currency wars fi

Currency Wars: A Race to the Bottom

Currency Wars: A Race to the Bottom

Currency Wars: A Race to the Bottom

“Printing dollars at home means higher inflation in China, higher food prices in Egypt and stock bubbles in Brazil. Printing money means that U.S. debt is devalued so foreign creditors get paid back in cheaper dollars. The devaluation means higher unemployment in developing economies as their exports become more expensive for Americans. The resulting inflation also means higher prices for inputs needed in developing economies like copper, corn, oil and wheat. Foreign countries have begun to fight back against U.S.-caused inflation through subsidies, tariffs and capital controls; the currency war is expanding fast.” – Jim Rickards, Currency Wars

Many consider deliberate currency devaluation to be a tool that can help jump start a nation’s economy. The aim of such a practice is to increase exports while encouraging domestic purchases by making goods outside of the country relatively more expensive.

However, like any good prisoner’s dilemma, this might be the case if only one country acted in isolation. The reality is that many major countries engage in the same policy, and the end result – as the infographic details – is a race to the bottom.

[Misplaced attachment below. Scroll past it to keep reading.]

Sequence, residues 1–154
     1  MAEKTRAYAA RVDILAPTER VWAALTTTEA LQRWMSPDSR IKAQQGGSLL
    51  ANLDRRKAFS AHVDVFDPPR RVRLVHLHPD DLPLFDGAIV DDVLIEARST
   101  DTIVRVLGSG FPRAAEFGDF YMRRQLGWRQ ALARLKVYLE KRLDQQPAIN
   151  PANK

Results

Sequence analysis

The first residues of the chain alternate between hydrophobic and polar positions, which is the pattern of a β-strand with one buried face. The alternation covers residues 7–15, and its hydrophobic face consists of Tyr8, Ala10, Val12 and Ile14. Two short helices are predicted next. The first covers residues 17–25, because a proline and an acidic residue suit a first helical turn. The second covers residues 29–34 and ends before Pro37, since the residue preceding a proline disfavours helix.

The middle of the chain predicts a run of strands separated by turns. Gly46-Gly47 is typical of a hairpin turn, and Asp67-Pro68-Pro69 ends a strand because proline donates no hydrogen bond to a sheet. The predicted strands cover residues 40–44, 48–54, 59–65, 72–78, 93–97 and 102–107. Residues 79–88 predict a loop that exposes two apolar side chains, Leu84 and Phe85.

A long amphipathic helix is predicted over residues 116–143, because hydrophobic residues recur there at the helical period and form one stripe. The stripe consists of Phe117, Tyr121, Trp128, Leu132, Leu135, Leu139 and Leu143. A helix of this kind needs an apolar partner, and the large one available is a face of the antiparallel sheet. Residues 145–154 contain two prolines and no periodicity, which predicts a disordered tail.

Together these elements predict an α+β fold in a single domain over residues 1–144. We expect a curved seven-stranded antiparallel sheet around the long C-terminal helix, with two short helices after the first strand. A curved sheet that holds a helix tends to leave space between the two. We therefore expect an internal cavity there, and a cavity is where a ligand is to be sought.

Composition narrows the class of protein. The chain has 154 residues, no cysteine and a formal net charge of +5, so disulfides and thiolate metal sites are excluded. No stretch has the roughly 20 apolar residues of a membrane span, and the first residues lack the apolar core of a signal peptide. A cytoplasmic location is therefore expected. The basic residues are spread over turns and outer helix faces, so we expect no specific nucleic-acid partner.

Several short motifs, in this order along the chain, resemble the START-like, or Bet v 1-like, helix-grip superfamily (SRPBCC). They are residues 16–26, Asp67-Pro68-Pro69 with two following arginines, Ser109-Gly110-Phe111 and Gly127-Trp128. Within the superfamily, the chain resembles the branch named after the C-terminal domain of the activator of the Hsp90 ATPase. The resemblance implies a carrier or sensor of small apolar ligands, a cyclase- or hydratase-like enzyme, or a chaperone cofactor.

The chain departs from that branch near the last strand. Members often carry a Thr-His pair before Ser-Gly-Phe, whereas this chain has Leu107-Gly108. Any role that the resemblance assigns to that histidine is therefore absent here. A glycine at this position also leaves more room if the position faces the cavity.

So far the “winner” in the race is Japan. The BoJ has been rolling with the Abenomics plan for almost two years now and the results are in…

yen

The BoJ’s balance sheet has since exploded in size and they also have the highest public sector debt in the world.

Japan Public Debt

Original infographic from: Saxo Markets UK


  • http://www.escapetopatagonia.com/EscapetoPatagonia.pdf David Chu
  • http://1karatbarsgold.weebly.com Prepper Joe

    So in the end the losers win.

  • Edmond Ameti

    This graphic is wrong as it does not account for US municipal and state debt, unfunded liabilities, rising interest rates, real inflation. US government uses no GAAP (Generally Accepted Accounting Principles) in their spending/debt/inflation calculations and forecasts. Use the real numbers and try this infographic again.

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